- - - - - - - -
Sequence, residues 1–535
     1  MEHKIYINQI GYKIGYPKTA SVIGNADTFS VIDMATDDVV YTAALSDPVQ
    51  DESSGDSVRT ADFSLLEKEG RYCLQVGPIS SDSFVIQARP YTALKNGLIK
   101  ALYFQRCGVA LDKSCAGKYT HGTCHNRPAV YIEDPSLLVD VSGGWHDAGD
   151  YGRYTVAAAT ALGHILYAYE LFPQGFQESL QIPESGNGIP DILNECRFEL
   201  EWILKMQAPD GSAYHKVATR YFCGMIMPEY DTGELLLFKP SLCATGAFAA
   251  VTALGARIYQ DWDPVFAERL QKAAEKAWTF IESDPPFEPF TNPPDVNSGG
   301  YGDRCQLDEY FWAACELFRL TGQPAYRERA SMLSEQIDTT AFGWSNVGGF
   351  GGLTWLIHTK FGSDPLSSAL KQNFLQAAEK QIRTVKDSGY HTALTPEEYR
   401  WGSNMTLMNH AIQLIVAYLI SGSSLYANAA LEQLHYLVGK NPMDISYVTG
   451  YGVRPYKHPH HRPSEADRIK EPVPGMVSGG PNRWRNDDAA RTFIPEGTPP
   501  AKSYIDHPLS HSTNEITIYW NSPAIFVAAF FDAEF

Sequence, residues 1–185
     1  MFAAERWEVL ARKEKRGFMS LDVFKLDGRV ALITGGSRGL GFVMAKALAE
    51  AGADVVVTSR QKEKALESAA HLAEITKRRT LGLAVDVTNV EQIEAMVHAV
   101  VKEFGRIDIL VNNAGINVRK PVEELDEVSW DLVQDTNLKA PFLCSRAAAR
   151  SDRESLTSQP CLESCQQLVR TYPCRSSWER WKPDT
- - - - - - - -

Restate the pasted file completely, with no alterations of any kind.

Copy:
Sequence, residues 1–535
     1  MEHKIYINQI GYKIGYPKTA SVIGNADTFS VIDMATDDVV YTAALSDPVQ
    51  DESSGDSVRT ADFSLLEKEG RYCLQVGPIS SDSFVIQARP YTALKNGLIK
   101  ALYFQRCGVA LDKSCAGKYT HGTCHNRPAV YIEDPSLLVD VSGGWHDAGD
   151  YGRYTVAAAT ALGHILYAYE LFPQGFQESL QIPESGNGIP DILNECRFEL
   201  EWILKMQAPD GSAYHKVATR YFCGMIMPEY DTGELLLFKP SLCATGAFAA
   251  VTALGARIYQ DWDPVFAERL QKAAEKAWTF IESDPPFEPF TNPPDVNSGG
   301  YGDRCQLDEY FWAACELFRL TGQPAYRERA SMLSEQIDTT AFGWSNVGGF
   351  GGLTWLIHTK FGSDPLSSAL KQNFLQAAEK QIRTVKDSGY HTALTPEEYR
   401  WGSNMTLMNH AIQLIVAYLI SGSSLYANAA LEQLHYLVGK NPMDISYVTG
   451  YGVRPYKHPH HRPSEADRIK EPVPGMVSGG PNRWRNDDAA RTFIPEGTPP
   501  AKSYIDHPLS HSTNEITIYW NSPAIFVAAF FDAEF

Sequence, residues 1–185
     1  MFAAERWEVL ARKEKRGFMS LDVFKLDGRV ALITGGSRGL GFVMAKALAE
    51  AGADVVVTSR QKEKALESAA HLAEITKRRT LGLAVDVTNV EQIEAMVHAV
   101  VKEFGRIDIL VNNAGINVRK PVEELDEVSW DLVQDTNLKA PFLCSRAAAR
   151  SDRESLTSQP CLESCQQLVR TYPCRSSWER WKPDT